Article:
A Very Unexpected Christmas
In Japan you expect to see temples, skyscrapers, and wacky inventions, but in front of me was a huge Christmas tree accompanied by loud and high pitched carols crackling incessantly on an overplayed tape. I was pretty surprised. Even in Britain, where we start pedalling Christmas merchandise at the end of the summer holidays, we wait until December to put up the Christmas tree. Besides, I thought Japan was a Buddhist country, so what’s with all this Christmas stuff anyway?
The Christmas tree in Kokura, like the showers of white lights in Fukuoka, can be easily attributed to commerce, another happy holiday to slap a price tag on, and the Christmas tree, well, it’s just pretty. It seems that people in Japanese communities celebrate our number one religious festival.
“We give presents, but we don’t celebrate the birth of Christ, or anything like that,” one friend told me. “It is just for the fun. We give some small presents and we eat cake.” I didn’t ask her to specify what sort of cake, but I liked the sound of the festivities. It sounded like a kid’s birthday party.
“I first saw Christmas decorations when I was 25 years old,” a pensioner in my ekaiwa class told me. “I think that it was about 35 years ago. The businesses were very rich, so they could spend lots of money on decorations. We like the decorations because they are so pretty and fun. Japanese people love festivals.” She seemed nostalgic as she spoke about it, although like my friend before, she admitted it had no symbolic meaning.
The lack of religious motivation is hardly surprising when you consider that Japan is not a Christian country. In view of how far the commercial aspect has overtaken the religious aspect in Western countries – where Christianity is the most prominent faith – this becomes even truer. Although many people are still very religious, particularly in North America, I’ve been told that you are now not allowed to tell the Christmas Story in schools there, for fear of indoctrination or offending people of other ethnic groups. Meanwhile in Britain, it seems that the majority of people are apathetic.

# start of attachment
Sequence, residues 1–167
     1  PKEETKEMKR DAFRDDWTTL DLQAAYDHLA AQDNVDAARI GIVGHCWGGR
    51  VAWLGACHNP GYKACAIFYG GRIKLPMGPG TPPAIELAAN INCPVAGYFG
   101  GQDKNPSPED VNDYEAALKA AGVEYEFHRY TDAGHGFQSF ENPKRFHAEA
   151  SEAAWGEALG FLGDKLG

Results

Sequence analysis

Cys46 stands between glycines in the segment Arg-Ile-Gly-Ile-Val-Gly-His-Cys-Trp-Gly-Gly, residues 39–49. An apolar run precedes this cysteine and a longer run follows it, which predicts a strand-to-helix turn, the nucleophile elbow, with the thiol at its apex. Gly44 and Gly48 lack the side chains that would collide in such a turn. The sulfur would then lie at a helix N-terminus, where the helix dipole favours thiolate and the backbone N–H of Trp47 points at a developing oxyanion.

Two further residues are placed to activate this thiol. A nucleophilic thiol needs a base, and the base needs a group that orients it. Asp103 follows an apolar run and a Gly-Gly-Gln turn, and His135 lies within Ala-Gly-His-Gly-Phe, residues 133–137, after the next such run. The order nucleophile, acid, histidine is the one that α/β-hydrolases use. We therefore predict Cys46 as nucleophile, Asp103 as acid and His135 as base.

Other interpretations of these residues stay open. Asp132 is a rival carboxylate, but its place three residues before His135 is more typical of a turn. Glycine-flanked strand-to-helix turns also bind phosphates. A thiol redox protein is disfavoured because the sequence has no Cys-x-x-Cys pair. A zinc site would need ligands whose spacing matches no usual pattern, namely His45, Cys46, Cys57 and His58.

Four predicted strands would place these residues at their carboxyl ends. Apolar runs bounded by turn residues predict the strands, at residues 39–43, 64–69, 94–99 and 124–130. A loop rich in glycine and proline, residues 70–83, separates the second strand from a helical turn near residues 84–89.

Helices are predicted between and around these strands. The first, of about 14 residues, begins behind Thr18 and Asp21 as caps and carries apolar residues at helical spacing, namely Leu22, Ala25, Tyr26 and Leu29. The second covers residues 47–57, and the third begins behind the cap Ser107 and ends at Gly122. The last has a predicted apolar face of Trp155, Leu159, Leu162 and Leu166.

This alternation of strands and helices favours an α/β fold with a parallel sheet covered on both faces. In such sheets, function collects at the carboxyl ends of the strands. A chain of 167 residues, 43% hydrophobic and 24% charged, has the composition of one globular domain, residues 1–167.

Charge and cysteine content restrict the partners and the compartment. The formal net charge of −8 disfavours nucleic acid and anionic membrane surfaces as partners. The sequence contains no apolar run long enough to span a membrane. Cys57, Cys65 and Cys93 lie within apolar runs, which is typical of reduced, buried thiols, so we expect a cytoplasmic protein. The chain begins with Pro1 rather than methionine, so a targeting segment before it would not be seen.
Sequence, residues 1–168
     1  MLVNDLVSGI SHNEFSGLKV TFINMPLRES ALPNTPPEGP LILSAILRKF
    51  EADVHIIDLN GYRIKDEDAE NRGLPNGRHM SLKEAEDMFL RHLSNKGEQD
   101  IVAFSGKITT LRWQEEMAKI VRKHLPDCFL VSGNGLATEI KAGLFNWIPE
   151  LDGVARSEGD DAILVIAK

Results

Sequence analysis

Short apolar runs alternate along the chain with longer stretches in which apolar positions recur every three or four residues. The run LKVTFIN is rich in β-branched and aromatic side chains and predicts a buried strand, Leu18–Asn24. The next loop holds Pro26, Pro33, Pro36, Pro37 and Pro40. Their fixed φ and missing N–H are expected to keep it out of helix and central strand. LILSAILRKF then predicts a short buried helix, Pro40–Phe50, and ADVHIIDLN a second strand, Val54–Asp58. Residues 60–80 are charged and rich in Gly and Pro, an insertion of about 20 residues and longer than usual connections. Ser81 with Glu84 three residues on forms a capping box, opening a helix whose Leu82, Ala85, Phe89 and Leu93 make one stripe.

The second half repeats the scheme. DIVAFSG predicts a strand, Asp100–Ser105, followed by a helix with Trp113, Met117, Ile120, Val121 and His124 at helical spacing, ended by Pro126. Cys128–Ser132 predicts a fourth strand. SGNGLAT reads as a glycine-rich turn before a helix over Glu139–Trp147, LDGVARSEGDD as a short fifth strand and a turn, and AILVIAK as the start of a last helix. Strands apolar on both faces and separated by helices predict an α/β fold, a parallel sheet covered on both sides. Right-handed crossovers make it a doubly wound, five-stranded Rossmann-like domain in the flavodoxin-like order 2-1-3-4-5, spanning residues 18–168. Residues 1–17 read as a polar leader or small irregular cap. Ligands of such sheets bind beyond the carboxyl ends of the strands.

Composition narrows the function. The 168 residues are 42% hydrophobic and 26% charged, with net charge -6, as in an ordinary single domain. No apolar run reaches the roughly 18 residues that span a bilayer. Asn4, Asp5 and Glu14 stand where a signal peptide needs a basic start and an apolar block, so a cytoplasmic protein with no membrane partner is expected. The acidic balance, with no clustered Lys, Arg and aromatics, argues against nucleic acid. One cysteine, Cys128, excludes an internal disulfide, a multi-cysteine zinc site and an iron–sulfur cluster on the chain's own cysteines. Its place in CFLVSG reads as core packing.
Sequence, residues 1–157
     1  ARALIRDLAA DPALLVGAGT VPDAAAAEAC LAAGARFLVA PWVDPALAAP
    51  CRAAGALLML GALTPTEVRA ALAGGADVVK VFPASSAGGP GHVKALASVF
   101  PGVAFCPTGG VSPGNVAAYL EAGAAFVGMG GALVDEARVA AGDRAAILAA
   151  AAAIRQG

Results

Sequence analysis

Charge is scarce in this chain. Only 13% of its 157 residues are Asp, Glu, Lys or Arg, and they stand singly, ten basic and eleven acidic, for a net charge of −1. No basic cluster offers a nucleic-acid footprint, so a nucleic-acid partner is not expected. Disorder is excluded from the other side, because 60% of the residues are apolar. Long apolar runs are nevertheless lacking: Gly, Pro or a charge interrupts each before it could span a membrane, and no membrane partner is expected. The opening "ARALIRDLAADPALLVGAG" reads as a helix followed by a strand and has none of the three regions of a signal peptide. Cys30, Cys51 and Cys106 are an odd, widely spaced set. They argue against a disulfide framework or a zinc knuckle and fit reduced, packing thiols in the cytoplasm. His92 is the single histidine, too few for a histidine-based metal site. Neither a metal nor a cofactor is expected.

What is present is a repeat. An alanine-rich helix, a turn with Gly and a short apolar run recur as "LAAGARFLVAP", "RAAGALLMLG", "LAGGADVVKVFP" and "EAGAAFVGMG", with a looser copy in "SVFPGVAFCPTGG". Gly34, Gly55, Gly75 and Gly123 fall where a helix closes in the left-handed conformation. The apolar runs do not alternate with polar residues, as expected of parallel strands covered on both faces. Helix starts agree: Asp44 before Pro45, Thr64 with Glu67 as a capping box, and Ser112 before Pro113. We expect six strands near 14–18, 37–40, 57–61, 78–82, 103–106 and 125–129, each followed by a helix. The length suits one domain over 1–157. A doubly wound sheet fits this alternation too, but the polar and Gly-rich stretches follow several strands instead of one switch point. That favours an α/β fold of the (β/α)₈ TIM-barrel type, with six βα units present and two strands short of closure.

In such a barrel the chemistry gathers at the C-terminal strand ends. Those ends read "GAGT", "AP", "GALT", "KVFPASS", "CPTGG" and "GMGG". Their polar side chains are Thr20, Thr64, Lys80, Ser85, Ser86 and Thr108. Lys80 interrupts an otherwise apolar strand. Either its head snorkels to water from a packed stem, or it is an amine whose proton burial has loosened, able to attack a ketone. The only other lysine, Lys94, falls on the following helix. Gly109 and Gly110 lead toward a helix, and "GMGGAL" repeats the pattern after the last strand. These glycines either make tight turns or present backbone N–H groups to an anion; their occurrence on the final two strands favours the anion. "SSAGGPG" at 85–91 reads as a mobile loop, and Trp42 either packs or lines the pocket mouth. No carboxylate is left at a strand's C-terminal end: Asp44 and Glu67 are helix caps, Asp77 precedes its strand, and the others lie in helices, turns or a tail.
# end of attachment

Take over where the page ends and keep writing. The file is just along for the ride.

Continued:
Many sappy returns
“Christmas is just for couples,”‘ another friend told me. “Men have to save up for a long while, because they have to buy Louis Vuitton for their girlfriends.” After moaning about the expense of Louis Vuitton for a little while, he asked me, “Do people buy presents in England at Christmas time?”
It was an enlightening moment. He had no idea about English festivities, because he had never seen any English movies. It was likely many Japanese peoples’ ideas were derived from Hollywood epics, glamorous presentations of the perfect yuletide, something that the lady from my ekaiwa class confirmed. “Mmm… yes. I don’t understand why we started to celebrate Christmas. After watching films? Perhaps yes.”
Judging by the emphasis on couples, Japan has been watching an abundance of festive romantic comedies.
Fukuoka City is absolutely beautiful at this time of year. Sprinklings of white lights sparkle everywhere, lighting up the alleyways. The Streets are bustling without being heaving, and cheesy carols play in every store. Whether or not the occasion is religious, it is nice that people can enjoy the season, buy a few small things for their loved-ones, and take time to enjoy some of the nicest elements of Christmas. There is no urgency about Christmas here, no barging your trolley through crowded aisles to buy the best presents or the most food. It’s admirable that Japanese people take an interest in Western traditions whilst making them their own.